Produced in the mountain portion of the Langhe area, Province of Cuneo, Piedmont, Murazzano cheese is locally also known as “tuma” or “robiola”. It is made with sheep’s milk of an indigenous breed and was designated DOP/PDO in 1996.
As a niche, Murazzano cheese is made with sheep’s milk according to an old technique, quite similar to robiola. It was named after the eponymous town in the Langhe, Province of Cuneo, Piedmont, although the production area encompasses around fifty municipalities over an area of approximately 598 km2. The main ingredient is sheep’s milk indeed. However, cow’s cheese can also be used within a percentage 40%.
How it is made
- Designated DOP/PDO (PDO Protected Designation of Origin) in 1996, this cheese is still hand-made. It is a fat fresh cheese with a slightly thick and soft texture. The outer part is milky white for the fresh whole cheeses and straw yellow for the aged cheeses. It is left to age for a period ranging from 4 days to 2 months. Its taste, fine and delicately fragrant, is clearly reminiscent of the sheep’s milk with which it is made. The rules to make Murazzano cheese are very strict. Even the marking of the wheels must fulfil specific requirements. First of all, milk is collected twice in a day and then heated up to 37°C. The cheese is dry-salted. The wheels are flipped upside down and rinsed in lukewarm water daily. Murazzano is finally left to ripen for 4-10 days, but it can hold up to a two-month ageing.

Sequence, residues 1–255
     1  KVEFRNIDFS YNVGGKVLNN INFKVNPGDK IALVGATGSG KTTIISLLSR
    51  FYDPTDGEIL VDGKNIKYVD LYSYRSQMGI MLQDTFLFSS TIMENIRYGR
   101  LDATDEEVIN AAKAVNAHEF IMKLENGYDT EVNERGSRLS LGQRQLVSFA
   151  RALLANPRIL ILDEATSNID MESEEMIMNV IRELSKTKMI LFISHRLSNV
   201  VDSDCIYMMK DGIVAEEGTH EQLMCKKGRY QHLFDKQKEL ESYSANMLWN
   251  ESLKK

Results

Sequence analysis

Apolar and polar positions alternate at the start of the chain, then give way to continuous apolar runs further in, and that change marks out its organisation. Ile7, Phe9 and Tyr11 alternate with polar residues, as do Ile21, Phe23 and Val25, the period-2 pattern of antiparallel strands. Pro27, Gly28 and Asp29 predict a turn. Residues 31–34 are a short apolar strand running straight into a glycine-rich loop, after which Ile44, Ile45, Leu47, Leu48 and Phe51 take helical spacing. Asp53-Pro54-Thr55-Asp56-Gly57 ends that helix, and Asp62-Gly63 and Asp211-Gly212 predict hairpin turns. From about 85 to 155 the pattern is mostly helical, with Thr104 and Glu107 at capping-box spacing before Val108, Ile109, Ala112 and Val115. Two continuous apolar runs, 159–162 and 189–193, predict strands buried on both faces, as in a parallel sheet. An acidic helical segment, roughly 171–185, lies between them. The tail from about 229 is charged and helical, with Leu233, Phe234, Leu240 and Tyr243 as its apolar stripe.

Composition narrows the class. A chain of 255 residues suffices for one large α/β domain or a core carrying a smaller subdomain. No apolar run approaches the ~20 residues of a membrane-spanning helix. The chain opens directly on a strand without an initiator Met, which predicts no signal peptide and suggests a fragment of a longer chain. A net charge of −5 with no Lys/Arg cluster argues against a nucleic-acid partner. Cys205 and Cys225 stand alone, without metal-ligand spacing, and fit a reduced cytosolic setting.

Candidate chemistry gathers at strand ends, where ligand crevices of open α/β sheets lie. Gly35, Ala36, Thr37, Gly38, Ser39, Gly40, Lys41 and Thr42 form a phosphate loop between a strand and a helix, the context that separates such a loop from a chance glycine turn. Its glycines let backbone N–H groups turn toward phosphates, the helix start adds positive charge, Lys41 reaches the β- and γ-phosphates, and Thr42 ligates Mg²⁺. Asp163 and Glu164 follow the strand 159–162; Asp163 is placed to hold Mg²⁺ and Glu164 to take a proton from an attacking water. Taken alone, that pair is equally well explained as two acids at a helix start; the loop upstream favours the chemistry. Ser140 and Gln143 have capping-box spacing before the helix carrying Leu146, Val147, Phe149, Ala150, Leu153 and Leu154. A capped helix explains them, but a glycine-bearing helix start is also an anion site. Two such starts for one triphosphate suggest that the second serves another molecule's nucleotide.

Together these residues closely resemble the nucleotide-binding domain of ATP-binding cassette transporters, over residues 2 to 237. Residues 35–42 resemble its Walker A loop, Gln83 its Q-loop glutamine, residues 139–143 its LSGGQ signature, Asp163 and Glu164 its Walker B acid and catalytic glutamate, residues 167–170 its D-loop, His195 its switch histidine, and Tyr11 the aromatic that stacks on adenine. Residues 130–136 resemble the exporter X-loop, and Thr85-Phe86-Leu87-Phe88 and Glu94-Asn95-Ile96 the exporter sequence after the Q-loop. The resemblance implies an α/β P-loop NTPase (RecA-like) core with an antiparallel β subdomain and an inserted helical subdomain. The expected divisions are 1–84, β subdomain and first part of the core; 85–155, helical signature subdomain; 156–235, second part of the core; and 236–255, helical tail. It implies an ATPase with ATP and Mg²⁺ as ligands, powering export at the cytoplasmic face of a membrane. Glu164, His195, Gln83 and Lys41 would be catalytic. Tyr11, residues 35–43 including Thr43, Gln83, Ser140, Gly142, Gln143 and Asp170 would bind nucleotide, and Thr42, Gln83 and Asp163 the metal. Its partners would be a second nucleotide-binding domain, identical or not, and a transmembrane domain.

- The delicate aroma with hints of vegetables makes Murazzano an extraordinary cheese to end a meal with, paired with the local wines: Barbera d’Alba when fresh and the mellow Barolo and Barbaresco when aged. The so-called Brus di Murazzano is a thick, whitish and slightly spicy cream made by fermenting diced robiole in glass jars with a sheep’s milk top-up.
Artecibo editorial board
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